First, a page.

Dec 30, 2015

Water tank and Basava well at Penukonda fort

October 10, 2015
This was my second visit to Penukonda this year, During the first visit I could not see the inside of Gagan Mahal because it wasn't open yet. After seeing Gagan Mahal, we headed towards Thimmarasu Jail. On the way we happened to see boards pointing to two more relics- Water tank and Basava well. A stone's throw from the jail is the water tank, in the background is a Gopura.

The water tank is a simple structure, cube shaped and built over a platform. The tank measuring about 8' wide, 8' long and 8' high is made of granite blocks for foundation, bricks and lime mortar. There are no pipe lines to be seen.. probably vandalised long time back, I think water to this tank was fed from Bhoga Samudram Cheruvu, a lake about 400 meters south.

Further down the road, a minute's walk is the Basava well.  Its an ancient stepped well carrying Vijayanagara signature. However the bull seen here is a rare addition, its made of stones, bricks and lime mortar. To enter the well one has to pass under the bull. I think this bull was created in memory of a real bull which had served its master for a long time.

That's Pushpa looking at the expression on the bull's  face. Close to the bull's leg is a slab with inscription in Kannada or Telugu.

The well seems pretty well maintained but unfortunately its dry.. thanks to scanty rains and dropping water table.

 The bull is well made, notice the large hump behind its neck and the bent tail.. bulls usually do that to swat a fly off their backs.
Adjoining the well is a pillared hall. Going by the pillar design it was constructed during Vijayanagara times.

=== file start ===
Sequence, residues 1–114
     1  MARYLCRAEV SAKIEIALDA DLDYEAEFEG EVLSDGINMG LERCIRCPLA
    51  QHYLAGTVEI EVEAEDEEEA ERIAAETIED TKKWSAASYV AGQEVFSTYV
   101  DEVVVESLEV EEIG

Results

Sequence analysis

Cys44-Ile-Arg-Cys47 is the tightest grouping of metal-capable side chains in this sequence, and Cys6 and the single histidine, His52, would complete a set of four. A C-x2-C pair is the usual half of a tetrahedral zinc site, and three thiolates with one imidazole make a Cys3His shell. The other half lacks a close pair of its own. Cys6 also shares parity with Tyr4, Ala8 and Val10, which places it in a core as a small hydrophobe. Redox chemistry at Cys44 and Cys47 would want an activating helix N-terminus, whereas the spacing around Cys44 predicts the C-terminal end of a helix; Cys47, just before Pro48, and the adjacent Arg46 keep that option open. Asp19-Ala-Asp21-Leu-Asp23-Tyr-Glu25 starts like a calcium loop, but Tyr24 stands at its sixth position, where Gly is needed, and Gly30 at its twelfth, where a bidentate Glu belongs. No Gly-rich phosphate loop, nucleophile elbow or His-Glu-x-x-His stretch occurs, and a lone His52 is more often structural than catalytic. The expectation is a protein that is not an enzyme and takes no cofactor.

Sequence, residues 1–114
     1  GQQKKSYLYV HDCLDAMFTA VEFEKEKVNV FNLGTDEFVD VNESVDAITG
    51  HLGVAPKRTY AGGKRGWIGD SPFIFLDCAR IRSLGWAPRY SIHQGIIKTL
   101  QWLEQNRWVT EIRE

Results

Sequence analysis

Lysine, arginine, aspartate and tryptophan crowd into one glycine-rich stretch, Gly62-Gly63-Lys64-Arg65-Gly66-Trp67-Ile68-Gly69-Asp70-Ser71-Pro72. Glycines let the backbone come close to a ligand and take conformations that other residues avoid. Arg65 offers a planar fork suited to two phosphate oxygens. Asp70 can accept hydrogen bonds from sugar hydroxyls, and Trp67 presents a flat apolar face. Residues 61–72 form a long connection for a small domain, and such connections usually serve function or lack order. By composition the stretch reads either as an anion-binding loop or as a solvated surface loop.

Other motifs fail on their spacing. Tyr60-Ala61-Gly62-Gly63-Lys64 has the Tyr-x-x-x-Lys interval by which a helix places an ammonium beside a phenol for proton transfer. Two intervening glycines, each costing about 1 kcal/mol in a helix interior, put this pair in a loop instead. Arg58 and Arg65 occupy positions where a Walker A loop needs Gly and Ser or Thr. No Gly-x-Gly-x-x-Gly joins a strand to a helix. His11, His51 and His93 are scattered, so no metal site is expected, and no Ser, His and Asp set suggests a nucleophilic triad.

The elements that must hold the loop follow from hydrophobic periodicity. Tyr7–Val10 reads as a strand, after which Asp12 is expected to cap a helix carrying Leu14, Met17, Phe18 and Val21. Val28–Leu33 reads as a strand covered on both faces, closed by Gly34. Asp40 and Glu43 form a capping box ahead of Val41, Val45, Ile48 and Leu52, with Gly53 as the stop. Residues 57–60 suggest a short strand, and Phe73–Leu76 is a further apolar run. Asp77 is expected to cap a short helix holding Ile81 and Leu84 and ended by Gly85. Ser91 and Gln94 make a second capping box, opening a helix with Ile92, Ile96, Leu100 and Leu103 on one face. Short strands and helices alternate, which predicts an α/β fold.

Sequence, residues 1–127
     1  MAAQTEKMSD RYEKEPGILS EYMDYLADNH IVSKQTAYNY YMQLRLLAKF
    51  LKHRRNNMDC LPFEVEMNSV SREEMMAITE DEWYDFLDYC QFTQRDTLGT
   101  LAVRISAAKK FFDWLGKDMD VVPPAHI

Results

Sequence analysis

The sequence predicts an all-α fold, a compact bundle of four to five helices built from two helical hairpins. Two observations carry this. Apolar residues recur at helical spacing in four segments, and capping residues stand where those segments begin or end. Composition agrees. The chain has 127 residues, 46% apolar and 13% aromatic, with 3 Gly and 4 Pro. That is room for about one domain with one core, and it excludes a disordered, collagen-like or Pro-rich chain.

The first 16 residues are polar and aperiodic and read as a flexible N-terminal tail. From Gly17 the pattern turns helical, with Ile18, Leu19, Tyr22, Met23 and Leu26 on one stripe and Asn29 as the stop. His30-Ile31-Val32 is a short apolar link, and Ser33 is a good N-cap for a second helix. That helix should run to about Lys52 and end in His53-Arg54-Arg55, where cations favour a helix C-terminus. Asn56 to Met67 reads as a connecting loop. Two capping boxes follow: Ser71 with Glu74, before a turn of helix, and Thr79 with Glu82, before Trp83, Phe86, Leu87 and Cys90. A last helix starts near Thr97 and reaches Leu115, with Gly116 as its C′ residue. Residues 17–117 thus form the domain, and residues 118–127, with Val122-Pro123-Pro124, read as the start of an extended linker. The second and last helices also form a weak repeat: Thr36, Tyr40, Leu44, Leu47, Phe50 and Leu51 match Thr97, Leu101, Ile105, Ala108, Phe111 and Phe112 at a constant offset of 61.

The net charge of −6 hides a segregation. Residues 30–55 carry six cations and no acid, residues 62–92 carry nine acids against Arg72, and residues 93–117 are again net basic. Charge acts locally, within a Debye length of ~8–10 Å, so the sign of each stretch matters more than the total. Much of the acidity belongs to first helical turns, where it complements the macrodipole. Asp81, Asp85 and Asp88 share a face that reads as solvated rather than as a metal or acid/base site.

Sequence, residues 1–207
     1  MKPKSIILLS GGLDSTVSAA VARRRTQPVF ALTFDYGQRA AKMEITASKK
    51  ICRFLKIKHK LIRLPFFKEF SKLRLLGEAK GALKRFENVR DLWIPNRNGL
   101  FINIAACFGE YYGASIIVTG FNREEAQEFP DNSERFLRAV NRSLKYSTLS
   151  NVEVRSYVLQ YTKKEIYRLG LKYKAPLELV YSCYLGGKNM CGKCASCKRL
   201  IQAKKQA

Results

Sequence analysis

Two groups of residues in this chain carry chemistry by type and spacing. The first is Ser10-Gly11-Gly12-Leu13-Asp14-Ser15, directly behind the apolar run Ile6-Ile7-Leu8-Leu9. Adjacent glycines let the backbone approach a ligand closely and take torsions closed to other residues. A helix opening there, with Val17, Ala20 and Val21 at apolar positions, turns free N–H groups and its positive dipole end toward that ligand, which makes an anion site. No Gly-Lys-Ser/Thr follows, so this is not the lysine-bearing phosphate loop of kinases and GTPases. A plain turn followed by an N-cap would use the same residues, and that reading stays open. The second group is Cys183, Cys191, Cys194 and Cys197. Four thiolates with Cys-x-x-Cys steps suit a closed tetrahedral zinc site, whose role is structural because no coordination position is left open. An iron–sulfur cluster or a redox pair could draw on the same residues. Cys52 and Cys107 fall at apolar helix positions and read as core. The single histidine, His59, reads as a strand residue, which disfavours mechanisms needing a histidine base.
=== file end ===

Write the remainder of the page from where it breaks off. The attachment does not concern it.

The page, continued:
Penukonda, having served as a capital of Vijayanagara has several such monuments hardly cared for. Wishing government takes steps to preserve the places heritage for the generations to come.

Dec 26, 2015

Yogi Rama Swamy Temple, Penukonda

Jan 3, 2015
Yogi Rama Swamy Devasthana is one of the temples built during Vijayanagara times. The temple is situated within the walls of Penukonda fort, between Gagan Mahal and Kashi Vishwanatha Devasthana. The temple has a Mukhyadwara ~ gateway. The simple gateway has no Gopura on it.. probably a Gopura was planned which didn't happen for some reason.

Inside the gateway are two niches facing each other, each containing a sculpture of Hanuman and Garuda. The sculptures are definitely ancient and some brilliant mind got them painted colourfully.

The Mukhya Dwara as seen from inside. The temple is being maintained am elderly couple.. they really strive so keep the temple premises neat and tidy,  Their simple abode is right within this campus.

That's a stypical Vijayanagara style Stambha and the temple with a modern touch looks more like a house. The Mukha Mantapa has been walled and grilled probably to keep out birds and more importantly vandals.

On the Stambha base are sculptures of Hanuman, Narasimha and a cow with three heads. The cow's neck and head are shown in three positions- raised, bowed and turned backwards. Hanuman's palms are joined.. something I haven't seen often.

The temple's side wall and the looming peak in the background. On that peak are ruins of a fort and close by is a ruined Narasimha Swamy temple. The temple's side wall looks simple from a distance but when you see it closely, you'll find its covered with sculptures depicting scenes from Hindu legends.

Lot of trees are seen here. One of the figures show a chariot ridden by a charioteer and two couples seated comfortably. These are scene from Ramayana but I cannot tell which part of the legend.

I guess most pictures on this temple are related to Ramayana.. here we can see an image of Rama shooting an arrow through seven Saal trees to prove his power to the monkey king Sugreeva.

One of the corners of the temple. Keerthimukha staring down with popping eyes.

On this wall is one little sculpture that's easily recognizable.. Sri Krishna in his signature pose.. playing a flute.

Krishna playing his flute to his cattle and girl friends.